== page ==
Helena-West Helena is positioning itself to be the trophy catfish capital of the world.
On Aug. 21-22, Bill Dance Outdoors, Mississippi River Monsters and Catmasters will hold a catfish tournament in Helena-West Helena. Mayor Kevin Smith said that Bill Dance will compete in the tournament, and the format will follow covid-19 guidelines.
"We have a health department plan to be covid-correct, and we are determined to follow it," Smith said.
As veteran catfish anglers know, the stretch of the Mississippi River roughly from the mouth of the St. Francis River southward is renowned for producing exceptionally large blue catfish, and also big flatheads.
"Bill Dance told me a year ago that the stretch of the Mississippi upriver and downriver from the Helena port makes for the best freshwater fishery in the country for big fish," Smith wrote in an email. "He [Dance] is famous for bass fishing, but he has come here for many years to fish big cats for fun."
Over the past decade, Helena-West Helena quietly has established itself as a hub for recreation on the Mississippi River. John Ruskey started it when he established Quapaw Canoe Co., which offers guided overnight canoe and kayak trips on the Mississippi River.
Of course, fishing always has been the marquee attraction on the Mississippi River, and this section of the river contains outstanding habitat for big catfish. It's a natural fishery that does not rely on stocking, and Smith said that it positions Helena-West Helena among the state's great outdoors destinations.
"We want to become for Big River fish what trout fishing is to Cotter and Duck hunting is to Stuttgart," Smith wrote. "It is turning into a big business, with the average tournament fisherman spending $2,500 or so locally. Eventually, I hope we can build better infrastructure at the boat ramp, with a marina and better boat parking, as well as bait shops and guide services.
"We have a lot of potential. We think Helena can become known as a destination for Big Fish."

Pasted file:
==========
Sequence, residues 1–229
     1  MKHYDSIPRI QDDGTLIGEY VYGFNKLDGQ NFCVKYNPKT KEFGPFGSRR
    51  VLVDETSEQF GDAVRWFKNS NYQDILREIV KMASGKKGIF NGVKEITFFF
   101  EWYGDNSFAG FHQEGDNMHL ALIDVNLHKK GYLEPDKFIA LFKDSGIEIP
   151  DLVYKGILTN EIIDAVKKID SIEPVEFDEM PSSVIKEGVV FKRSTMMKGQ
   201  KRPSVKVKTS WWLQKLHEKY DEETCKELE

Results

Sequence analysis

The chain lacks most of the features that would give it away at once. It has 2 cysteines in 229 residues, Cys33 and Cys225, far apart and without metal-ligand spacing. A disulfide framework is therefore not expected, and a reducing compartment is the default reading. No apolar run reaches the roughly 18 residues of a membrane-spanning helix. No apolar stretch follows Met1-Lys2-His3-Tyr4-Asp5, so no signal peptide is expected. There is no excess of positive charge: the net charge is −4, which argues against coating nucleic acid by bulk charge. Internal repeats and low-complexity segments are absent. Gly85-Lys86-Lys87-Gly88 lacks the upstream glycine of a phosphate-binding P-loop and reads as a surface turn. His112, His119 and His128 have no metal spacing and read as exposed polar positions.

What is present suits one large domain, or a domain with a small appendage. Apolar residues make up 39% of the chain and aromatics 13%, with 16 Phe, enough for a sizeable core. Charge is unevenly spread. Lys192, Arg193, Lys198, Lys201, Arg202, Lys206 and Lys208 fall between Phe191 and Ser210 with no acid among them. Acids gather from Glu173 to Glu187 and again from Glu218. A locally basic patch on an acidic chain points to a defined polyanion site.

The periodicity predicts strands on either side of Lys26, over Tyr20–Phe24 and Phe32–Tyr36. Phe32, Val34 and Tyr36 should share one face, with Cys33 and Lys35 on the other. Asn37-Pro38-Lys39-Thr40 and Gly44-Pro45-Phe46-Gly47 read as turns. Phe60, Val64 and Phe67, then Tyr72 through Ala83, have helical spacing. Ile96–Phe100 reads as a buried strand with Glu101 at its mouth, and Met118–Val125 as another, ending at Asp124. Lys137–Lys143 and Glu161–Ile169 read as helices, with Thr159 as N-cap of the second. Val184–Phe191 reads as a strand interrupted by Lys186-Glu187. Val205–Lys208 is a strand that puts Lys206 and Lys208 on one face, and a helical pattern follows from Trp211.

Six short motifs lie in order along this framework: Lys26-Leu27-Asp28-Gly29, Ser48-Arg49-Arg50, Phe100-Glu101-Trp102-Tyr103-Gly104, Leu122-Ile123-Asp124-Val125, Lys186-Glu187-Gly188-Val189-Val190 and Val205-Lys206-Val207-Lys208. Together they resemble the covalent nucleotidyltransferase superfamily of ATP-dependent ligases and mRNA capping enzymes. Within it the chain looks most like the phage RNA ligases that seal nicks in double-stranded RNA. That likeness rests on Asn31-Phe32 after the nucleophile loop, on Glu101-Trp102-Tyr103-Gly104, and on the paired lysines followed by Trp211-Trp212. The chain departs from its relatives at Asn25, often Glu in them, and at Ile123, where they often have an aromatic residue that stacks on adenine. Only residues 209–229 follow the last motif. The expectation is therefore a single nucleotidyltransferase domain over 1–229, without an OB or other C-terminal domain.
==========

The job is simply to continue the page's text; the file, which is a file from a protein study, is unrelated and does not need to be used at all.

Smith said about 50 boats have registered for the tournament, each with three anglers per boat. The winner will receive $20,000.
The rules, which emphasize fish health and handling, comprise a progressive, conservation-based format. Snagging is discouraged, and fish-market style handling practices will be prohibited. Throwing or otherwise mishandling fish will not be tolerated, according to the rules.
Any team that has a dead fish at the weigh-in will be disqualified. In bass tournaments, a dead fish results only in a weight penalty. Also, all fish caught in the tournament must be released alive. Competitors will not be allowed to take fish away from the venue.
To register, visit thecatmasters.com/helena-tournament.
AGFC dove hunts
If you're looking for a safe, high-quality dove hunt on managed fields, the Arkansas Game and Fish Commission is accepting applications until Aug. 15 for slots on five private properties. The hunts will be held on the following dates and properties. Successful applicants will be allowed to bring one guest.
• Greene County (60 acres of sunflowers): Sept. 5-6, Sept. 12-13, Sept. 19-20. The commission will issue 20 permits per weekend.
• Lonoke County (30 acres of sunflowers): Sept. 5-6, Sept. 12-13, Sept. 19-20. The commission will issue 20 permits per weekend.
• Prairie County (60 acres of harvested corn and top-sewn wheat): Sept. 5-6, Sept. 12-13. The commission will issue 25 permits per weekend.
• Washington County (57 acres of harvested corn and top-sewn wheat): Sept. 5-6, Sept. 12-13. The commission will issue 36 permits per weekend.
• Woodruff County (99 acres of harvested corn and top-sewn wheat); Sept. 5-6, Sept. 12-13. The commission will issue 20 permits per weekend.
Applicants must pay a $5 processing fee for each hunt. Permit winners will be notified on Aug. 17. The commission will email them maps and directions to the fields they draw. No scouting or access to the fields will be allowed outside of the hunt days a permit hunter draws.
To apply, visit www.agfc.com and click on the WMA Applications tab.